Startups have been in the headlines around the world in recent years, especially after the tremendous success of startup tech companies like Facebook, Amazon, and Google.
While most startups are in the information technology (IT) sector, there are also non-IT startups dealing in consumer products. These have also been gaining ground, but at a slower growth trajectory than tech startups.
In the Philippines, the Business Process Outsourcing (BPO) boom has opened the doors for many startup possibilities in the IT sector. Success in BPOs has focused the spotlight on the country’s wealth of IT talents, and their ability to develop products and services with a good potential for growth.
In addition to this, the many challenges facing millions of Filipinos every day present a load of opportunities for non-IT startups. As the old adage goes, necessity is the mother of invention. The right motivation and support help encourage ingenious Filipinos to come up with innovative products or services that will respond to Filipinos’ needs.
A “startup” has been broadly defined by Merriam-Webster as a “fledging business enterprise.” Those in the market have identified startups as companies that present fresh solutions to common problems to help improve people’s lives. These solutions are borne out of ideas that may or may not succeed.
With this in mind, not all startups make it to “exit,” or the point when the venture’s initial investors sell their stake at a profit (or loss) to an acquiring company, or when the startup goes public. Startups that don’t get off the ground are not uncommon.
A Philippine “startup” has been defined by the Department of Science and Technology – Information and Communications Technology Office (DOST-ICTO) as:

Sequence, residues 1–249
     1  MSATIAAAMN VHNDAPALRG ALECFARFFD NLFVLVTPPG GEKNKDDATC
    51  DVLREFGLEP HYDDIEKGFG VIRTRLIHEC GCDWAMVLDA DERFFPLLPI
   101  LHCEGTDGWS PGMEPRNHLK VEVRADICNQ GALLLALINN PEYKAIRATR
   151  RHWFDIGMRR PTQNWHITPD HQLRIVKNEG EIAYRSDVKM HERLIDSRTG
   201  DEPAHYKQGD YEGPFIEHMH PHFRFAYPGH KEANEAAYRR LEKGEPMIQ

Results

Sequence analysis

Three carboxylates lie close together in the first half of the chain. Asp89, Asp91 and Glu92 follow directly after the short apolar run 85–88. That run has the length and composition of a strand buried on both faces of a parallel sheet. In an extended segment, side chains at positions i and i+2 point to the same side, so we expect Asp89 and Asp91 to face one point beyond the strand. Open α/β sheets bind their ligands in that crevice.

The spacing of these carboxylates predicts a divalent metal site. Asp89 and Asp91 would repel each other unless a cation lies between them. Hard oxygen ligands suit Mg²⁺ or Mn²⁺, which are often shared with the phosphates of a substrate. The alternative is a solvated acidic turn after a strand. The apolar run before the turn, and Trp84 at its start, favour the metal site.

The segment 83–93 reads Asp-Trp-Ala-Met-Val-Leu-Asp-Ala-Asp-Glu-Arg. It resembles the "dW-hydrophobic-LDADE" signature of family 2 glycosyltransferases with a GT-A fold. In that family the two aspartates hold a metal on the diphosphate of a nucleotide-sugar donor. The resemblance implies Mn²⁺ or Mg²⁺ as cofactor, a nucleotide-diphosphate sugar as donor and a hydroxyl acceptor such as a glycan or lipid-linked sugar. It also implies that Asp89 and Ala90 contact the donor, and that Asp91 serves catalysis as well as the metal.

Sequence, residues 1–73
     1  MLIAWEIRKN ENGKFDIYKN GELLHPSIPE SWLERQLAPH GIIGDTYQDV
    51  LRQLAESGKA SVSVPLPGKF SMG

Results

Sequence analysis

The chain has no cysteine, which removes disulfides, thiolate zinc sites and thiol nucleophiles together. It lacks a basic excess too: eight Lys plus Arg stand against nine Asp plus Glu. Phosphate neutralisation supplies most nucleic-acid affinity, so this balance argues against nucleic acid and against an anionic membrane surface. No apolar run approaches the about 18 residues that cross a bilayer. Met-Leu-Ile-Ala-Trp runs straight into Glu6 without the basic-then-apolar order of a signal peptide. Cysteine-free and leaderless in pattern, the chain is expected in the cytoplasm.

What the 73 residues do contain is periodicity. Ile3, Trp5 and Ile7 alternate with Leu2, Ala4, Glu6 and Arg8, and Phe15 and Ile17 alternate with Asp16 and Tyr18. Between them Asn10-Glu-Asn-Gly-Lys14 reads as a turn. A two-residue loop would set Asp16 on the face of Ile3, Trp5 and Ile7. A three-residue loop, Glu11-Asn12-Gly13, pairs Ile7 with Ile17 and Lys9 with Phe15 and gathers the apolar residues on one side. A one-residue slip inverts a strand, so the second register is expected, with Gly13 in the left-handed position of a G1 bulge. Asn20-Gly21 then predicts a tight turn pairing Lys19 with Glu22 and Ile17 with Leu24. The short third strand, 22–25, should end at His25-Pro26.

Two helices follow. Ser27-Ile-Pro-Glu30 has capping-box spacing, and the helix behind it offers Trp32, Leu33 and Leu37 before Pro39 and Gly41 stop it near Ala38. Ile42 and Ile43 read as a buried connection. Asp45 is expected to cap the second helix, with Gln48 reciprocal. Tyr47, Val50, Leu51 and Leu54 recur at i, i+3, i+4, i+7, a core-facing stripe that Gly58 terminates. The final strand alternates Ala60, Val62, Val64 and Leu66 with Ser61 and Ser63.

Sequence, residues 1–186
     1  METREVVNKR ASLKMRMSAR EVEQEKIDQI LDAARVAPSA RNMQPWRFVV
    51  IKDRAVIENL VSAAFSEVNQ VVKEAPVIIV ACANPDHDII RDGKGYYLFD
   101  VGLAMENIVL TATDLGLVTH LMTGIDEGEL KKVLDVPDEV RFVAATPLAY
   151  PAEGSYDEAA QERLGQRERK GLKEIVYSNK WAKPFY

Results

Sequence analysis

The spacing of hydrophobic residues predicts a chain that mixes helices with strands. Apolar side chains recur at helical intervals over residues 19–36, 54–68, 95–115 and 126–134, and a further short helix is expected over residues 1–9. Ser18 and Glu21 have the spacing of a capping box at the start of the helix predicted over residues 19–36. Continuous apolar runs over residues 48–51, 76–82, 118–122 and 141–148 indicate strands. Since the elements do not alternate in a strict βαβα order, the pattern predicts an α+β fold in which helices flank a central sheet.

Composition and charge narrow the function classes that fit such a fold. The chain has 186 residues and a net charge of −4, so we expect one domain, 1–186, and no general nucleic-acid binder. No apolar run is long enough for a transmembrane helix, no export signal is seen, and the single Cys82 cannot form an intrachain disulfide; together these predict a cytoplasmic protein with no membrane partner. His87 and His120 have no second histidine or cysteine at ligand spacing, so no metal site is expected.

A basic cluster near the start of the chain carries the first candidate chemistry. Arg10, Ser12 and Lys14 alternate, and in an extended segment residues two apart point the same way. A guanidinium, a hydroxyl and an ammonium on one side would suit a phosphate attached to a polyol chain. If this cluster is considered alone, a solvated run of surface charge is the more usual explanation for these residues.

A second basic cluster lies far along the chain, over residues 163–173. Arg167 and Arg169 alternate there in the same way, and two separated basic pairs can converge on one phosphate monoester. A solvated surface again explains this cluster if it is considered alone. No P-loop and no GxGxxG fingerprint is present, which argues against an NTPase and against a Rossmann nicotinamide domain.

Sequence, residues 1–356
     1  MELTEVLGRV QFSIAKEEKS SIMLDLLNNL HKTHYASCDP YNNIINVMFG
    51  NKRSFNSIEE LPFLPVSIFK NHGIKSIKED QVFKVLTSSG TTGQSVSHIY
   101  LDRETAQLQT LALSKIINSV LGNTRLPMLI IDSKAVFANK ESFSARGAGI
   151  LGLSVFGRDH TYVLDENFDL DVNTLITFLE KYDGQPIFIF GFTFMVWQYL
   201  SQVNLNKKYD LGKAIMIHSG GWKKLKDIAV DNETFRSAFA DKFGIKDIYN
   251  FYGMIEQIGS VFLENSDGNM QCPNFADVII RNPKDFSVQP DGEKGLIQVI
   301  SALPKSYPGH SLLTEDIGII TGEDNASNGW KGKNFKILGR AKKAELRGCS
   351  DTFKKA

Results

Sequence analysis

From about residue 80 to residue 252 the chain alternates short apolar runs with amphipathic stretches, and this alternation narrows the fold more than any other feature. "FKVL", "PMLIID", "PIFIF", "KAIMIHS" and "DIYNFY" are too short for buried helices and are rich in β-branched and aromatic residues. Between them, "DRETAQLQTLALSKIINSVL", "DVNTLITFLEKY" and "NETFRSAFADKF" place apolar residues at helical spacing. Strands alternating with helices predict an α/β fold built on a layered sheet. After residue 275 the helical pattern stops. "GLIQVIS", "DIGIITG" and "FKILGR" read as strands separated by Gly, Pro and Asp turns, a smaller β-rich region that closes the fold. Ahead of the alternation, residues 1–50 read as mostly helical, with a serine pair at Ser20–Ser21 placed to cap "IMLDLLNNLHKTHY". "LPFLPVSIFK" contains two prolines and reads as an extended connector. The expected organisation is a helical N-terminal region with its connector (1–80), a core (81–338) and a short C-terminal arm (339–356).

“any business entity that is less than five (5) years old, registered with the financial regulatory authorities of any country, provided that majority of its team is operating and residing in the Philippines. The startup should have at least one (1) founder who is working full time.”
In 2015, the ICTO was tasked to generate internet-related startups in the country that will help spur economic growth and “find solutions to the society’s most pressing and pervasive issues.” It has identified 100 Philippine startups as of 2015.
The ICTO also lists down classifications of common internet startups, including:
e-Commerce (eBay, Amazon)
Search tools or engines (Google)
Communication (Facebook, Skype)
Disruptive services (Uber)
Sharing economy (Airbnb)
Media and entertainment (YouTube, Snapchat)
Education technology (Coursera)
In the non-tech sector, the lead agency tasked to promote startups is the Department of Trade and Industry (DTI). The DTI notes that the country has improved its rankings in the World Intellectual Property Organization (WIPO) Global Innovation Index, from #100 in 2014 to #83 in 2015. About 30 Filipino inventors hold 23 patents that have been assigned to 12 foreign companies.
Some of the leading tech and non-tech startups in the country todate are as follows (according to Forbes Magazine May 2016 edition):
Sulit.com.ph – an e-Commerce site which exited in 2013
Xurpass – a consumer technology company offering a broad range of products and services, which went public in 2014
Galleon – an e-Commerce site offering products not found in the Philippines
Carmudi – online vehicle marketplace
Lifetrack Medical Systems Inc. – a software company that offers RIS PACS
Both the DTI and the ICTO are developing the groundwork for a thriving startup ecosystem. This is a community of startups, mentors, incubators, investors, and organizations like legal and financial service providers,all working together to nurture startups until their maturity.
The DTI’s and the ICTO’s goal is to grow the startup sector to a US $2billion industry by 2020. The goal includes funding of US$200 million for 500 startups, generating at least 8,500 high-skilled jobs for Filipinos.
All startups need funding, mentoring, and support in various areas of growing a business. In the past, individual startups worked on their own to find the support and funding they needed. With the government’s recognition of startups’ significant potential to contribute to the economy, officially sponsored support systems can help more startups achieve success in the future.